Pop lay out on a tall, metal-framed bed. His head, chest, waist, and ankles had heavy straps over them. Except for a sheet, folded to reach from his belly button to his knees, he was naked. When the nurse closed the door, leaving me alone, I remember thinking that this was the quietest room I had ever been in.
I could hear my heart in my head. The bed had an engine that tilted it very slowly. So slowly, really, that even though it moved Pop from side to side, it didn't seem as if he was moving at all, even though he was. I looked under the bed for the engine, but I couldn't see it.
Pop had some bruises around his eyes and the bridge of his nose, and a Band-Aid over a small hole in his forehead that the nurse told me had been bored to relieve some kind of pressure. Pop used to brag about not knowing what a headache felt like, since he'd never had one, so I thought it was odd he needed that little hole.
I put my hand on top of my pop's. It was a little silly, because Pop was not a hand-holder. Pop was a slapper of backs and a shaker of hands. But putting my hand on top of his seemed all right, and felt strange and good. Later on, after I had some time to think about it, I guessed that when these awful kinds of things happen to you, it helps to find a lot of things to feel good about. They don't have to be big-deal things, but more like the hand business or combing Mom's hair, those kinds of things. They add up.
I'd been alone with my pop for twenty minutes when a doctor came in. He was about my age, only trim and sober. He had thick red-gray hair, and for some reason I used my fingers to comb my own thin and shaggy head.
"Yes, sir. Thank you."
"I'm Dr. Hoffman."
We shook hands. Then he moved close to Pop's head.
"I put this hole here to relieve the pressure."
"Thank you so much," I said sincerely.
I would have given my car to anyone, right there, if I could have been sober.
"He kept himself pretty good, didn't he?" he said. His little flashlight moved from eye to eye.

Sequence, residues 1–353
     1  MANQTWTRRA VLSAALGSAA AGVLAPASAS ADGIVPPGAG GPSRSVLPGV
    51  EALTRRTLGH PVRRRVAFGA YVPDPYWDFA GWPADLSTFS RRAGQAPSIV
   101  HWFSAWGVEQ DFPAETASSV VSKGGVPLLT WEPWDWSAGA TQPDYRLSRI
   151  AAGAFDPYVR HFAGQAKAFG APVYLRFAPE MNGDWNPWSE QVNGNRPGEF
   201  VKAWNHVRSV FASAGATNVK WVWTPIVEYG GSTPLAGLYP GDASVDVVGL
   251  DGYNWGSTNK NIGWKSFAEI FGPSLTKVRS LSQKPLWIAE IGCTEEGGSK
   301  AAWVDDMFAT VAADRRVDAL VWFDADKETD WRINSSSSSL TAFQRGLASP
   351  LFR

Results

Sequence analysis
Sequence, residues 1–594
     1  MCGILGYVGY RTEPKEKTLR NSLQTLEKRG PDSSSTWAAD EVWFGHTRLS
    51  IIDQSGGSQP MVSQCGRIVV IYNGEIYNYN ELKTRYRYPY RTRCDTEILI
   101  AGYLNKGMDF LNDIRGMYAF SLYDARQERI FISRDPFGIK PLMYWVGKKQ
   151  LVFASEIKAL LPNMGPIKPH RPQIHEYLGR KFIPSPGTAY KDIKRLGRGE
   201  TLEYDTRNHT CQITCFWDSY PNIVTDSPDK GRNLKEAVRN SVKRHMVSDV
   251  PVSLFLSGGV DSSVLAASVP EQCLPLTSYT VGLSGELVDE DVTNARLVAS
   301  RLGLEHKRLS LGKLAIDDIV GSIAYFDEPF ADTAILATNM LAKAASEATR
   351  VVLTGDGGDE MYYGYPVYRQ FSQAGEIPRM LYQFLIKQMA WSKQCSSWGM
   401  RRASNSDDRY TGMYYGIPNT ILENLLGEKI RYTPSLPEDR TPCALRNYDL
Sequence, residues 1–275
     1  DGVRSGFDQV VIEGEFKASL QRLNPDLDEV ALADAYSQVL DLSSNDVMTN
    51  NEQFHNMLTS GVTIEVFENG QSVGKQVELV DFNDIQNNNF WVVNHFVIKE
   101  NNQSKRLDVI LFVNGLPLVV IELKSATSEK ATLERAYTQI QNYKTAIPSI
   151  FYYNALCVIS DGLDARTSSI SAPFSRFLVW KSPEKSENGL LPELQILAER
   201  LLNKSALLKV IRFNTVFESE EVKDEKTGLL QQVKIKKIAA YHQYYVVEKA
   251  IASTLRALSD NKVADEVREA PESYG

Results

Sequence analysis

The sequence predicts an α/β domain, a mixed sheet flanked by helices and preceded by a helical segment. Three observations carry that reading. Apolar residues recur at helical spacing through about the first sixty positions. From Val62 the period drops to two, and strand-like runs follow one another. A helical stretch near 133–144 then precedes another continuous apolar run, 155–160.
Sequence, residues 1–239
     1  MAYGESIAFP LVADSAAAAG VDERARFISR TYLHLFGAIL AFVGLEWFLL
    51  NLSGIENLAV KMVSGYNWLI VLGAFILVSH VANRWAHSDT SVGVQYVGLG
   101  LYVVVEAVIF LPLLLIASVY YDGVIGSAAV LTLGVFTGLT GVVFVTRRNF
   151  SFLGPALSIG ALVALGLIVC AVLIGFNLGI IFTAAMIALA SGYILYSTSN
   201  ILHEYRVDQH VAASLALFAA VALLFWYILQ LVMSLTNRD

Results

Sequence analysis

"My pop walked and stuff."
Pop swayed imperceptibly on his bed, to the left. The doctor was right. Pop had a great body, and he had a routine to keep it that way. Mom sometimes went up in weight and then got on some diet to lose it, but Pop was really proud of how he kept the old weight at 180, his playing weight.
"Do you know what blood thinners he took for the valve?" Dr. Hoffman asked.
"No. Sorry. It pissed him He was mad about the heart operation. He worked out, and one day the other doctor said, You have to get a new valve in your heart.' But it was because of something that, you know, happened when he was a kid."
"That's it. Is it bad? Did it break?"
Was I a huge alcoholic trying to be helpful?
"His heart is fine, and I think under normal circumstances your father probably wouldn't be in bad shape right now, except the blood thinners he took to ensure clot-free flow through the heart chambers, and, of course, through the artificial valve, allowed the blood to hemorrhage violently inside his head when he hit the windshield."
"I see." I nodded again, stupidly.
"Blood is one of the most toxic entities known. When it gets out of the old veins, well ..."
"I didn't realize that."
"Do you have anyone else in the immediate family I need to talk to?"
"Bethany, but you can't talk to ... well, no ... me, I guess."
"He really looks good. Just those bruises. He does push-ups, too. Walks and stuff."
From The Memory of Running by Ron McLarty; chapter 1 (pages 1-9). Copyright 2004 by Zaluma, Inc. All rights reserved. No part of this book maybe reproduced without written permission from the publisher, Viking Penguin.
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